Employee at Passaic High School in New Jersey diagnosed with Hepatitis A

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Dray Clark live in New Jersey (WABC)

A school employee in Passaic County has been diagnosed with Hepatitis A and officials are urging those who might have been exposed to be aware of possible symptoms.

The Passaic Superintendent of Schools sent letters to parents and staff members alerting them that a high school employee had been diagnosed with the illness by their personal doctor.

Anyone who bought food from the Passaic High School teachers cafeteria between Jan. 15 and Jan. 30th was urged to be on the lookout for symptoms and to contact the superintendent's office.

Symptoms include fatigue, fever and vomiting.

In the letter, superintendent Pablo Munoz said: "The school district immediately notified local health officials about the diagnosis and is currently following every recommendation of these health care professionals. This morning I met with all the school principals, school leaders and staff to discuss this diagnosis of an employee. The school district is sending letters home about the diagnosis of Hepatitis A and providing details about where they can get additional information. While local health officials believe that the chance of students becoming ill is small, we will continue to take every precaution recommended by them."

Munoz told parents that local and state officials believe the chances of children becoming ill is small, but that they should be aware of several facts:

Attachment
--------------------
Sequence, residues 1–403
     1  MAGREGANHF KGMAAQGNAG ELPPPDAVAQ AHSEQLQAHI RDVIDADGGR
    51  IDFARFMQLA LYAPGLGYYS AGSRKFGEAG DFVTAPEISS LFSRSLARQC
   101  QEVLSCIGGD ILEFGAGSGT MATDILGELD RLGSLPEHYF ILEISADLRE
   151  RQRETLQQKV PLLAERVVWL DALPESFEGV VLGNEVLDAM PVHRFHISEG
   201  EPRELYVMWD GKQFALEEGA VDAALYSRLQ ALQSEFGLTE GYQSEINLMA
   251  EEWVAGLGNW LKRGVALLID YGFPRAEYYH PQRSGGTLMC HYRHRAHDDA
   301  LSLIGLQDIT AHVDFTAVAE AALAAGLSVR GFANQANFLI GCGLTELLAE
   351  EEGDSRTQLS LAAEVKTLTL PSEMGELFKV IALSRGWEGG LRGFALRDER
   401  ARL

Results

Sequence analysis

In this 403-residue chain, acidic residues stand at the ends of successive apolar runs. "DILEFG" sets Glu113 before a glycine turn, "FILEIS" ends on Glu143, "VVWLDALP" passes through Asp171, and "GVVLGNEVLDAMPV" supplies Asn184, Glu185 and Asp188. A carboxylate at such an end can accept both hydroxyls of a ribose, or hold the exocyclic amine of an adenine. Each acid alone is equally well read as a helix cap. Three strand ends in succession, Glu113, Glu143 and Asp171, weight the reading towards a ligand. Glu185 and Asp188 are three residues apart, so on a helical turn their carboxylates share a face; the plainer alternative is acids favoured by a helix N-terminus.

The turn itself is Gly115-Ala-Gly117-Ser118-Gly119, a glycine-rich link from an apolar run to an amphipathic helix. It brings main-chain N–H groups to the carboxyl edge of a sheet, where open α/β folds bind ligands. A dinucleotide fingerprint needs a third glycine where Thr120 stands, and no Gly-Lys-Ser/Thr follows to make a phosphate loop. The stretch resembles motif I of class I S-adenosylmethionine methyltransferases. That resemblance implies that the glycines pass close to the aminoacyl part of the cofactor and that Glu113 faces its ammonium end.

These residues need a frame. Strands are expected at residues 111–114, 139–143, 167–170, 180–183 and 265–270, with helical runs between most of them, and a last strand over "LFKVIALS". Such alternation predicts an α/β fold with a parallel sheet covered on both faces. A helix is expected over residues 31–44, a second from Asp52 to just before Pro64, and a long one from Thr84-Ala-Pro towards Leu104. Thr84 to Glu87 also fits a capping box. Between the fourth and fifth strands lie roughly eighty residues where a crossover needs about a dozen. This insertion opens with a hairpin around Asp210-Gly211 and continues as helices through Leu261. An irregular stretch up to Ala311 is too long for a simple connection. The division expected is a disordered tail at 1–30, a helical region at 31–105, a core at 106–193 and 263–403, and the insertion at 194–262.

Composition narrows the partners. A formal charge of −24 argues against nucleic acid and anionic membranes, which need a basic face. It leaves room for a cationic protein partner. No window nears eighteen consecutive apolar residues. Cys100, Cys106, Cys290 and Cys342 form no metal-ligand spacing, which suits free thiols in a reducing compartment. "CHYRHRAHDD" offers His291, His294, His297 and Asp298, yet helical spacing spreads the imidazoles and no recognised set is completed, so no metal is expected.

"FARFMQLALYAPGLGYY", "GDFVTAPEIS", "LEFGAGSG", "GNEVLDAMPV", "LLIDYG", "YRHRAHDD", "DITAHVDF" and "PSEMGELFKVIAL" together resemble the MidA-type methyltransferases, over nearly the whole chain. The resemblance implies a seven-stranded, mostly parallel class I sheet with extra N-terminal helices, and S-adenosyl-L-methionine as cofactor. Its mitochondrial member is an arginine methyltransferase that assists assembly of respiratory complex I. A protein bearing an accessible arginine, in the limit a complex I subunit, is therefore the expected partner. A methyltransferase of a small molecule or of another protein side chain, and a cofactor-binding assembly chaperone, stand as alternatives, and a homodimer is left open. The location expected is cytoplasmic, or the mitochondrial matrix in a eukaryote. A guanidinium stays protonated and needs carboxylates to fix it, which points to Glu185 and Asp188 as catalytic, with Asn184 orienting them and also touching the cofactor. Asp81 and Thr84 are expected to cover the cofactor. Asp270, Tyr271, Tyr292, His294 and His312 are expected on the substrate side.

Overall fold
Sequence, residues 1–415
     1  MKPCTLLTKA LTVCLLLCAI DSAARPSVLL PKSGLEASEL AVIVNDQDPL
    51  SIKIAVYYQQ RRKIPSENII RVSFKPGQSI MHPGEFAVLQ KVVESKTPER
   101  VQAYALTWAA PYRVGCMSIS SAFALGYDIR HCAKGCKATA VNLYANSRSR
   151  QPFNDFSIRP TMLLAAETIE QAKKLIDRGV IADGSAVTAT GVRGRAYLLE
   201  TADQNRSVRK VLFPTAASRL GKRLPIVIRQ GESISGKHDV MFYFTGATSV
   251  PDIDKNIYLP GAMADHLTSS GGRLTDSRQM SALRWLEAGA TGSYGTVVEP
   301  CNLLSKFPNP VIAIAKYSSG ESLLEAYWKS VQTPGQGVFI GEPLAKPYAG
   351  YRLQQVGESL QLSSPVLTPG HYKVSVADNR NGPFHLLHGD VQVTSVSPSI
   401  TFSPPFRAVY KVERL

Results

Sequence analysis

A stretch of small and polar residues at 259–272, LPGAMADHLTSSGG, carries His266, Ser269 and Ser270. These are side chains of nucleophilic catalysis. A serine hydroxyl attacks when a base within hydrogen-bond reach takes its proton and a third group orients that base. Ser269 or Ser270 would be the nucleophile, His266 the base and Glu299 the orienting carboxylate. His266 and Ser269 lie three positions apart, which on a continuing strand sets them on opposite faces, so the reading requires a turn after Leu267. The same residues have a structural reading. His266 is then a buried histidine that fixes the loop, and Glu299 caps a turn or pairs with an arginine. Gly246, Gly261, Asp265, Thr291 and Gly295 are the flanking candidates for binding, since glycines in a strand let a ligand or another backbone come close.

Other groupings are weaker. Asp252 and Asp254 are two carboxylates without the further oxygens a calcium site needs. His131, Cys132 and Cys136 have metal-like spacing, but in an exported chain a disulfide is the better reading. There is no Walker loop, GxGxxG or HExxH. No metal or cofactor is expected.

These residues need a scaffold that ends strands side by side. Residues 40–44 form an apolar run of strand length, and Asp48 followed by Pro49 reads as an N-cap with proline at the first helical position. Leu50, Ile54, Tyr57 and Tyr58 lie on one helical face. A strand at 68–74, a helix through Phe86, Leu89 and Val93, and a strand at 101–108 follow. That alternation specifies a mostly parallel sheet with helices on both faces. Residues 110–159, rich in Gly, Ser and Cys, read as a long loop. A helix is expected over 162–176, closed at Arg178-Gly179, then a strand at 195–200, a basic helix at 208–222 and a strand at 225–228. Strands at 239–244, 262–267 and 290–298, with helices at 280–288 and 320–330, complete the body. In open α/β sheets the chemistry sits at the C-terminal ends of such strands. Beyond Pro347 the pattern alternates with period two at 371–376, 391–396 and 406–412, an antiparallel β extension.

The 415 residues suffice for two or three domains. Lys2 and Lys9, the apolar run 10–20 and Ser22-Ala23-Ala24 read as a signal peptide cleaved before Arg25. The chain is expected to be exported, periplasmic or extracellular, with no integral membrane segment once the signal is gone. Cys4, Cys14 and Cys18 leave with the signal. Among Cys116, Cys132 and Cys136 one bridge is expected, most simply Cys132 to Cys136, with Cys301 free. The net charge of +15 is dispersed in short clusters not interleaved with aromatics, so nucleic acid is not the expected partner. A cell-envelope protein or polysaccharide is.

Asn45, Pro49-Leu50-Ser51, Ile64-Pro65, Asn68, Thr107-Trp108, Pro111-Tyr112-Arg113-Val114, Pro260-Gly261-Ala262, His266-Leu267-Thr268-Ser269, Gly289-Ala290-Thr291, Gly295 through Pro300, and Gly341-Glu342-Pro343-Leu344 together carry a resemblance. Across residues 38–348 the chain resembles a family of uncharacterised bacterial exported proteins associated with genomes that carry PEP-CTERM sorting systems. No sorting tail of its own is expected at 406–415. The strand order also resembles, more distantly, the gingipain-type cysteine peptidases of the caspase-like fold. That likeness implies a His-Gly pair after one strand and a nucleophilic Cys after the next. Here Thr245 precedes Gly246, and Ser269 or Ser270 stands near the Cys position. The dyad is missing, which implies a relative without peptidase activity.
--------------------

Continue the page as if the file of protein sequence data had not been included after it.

Hepatitis A is an illness of the liver caused by infection with the Hepatitis A virus. The virus is shed in the stool of the infected person.

People become infected with Hepatitis A by swallowing the virus. This can occur when an individual eats or drinks food or water contaminated with Hepatitis A virus, or has direct contact with an infected person who has poor personal hygiene.

An individual infected with Hepatitis A, may display a range of symptoms including:
o Fever
o Fatigue
o Poor appetite
o Vomiting or abdominal discomfort
o Dark colored urine
o Clay-colored (pale) stool
o Yellow discoloration of skin and whites of the eye (a condition known as jaundice)

Young children with Hepatitis A usually do not display symptoms, yet may be a source of infection to close household contacts by sharing food and/or eating or drinking utensils. No specific medications, including antibiotics, are indicated for the treatment of Hepatitis A. Most individuals fully recover, without treatment, within a few weeks.

More information on Hepatitis A:
http://www.cdc.gov/hepatitis/HAV/HAVfaq.htm#protection.

Related Topics:
healthhealthhepatitiseducationnew jersey newsPassaic
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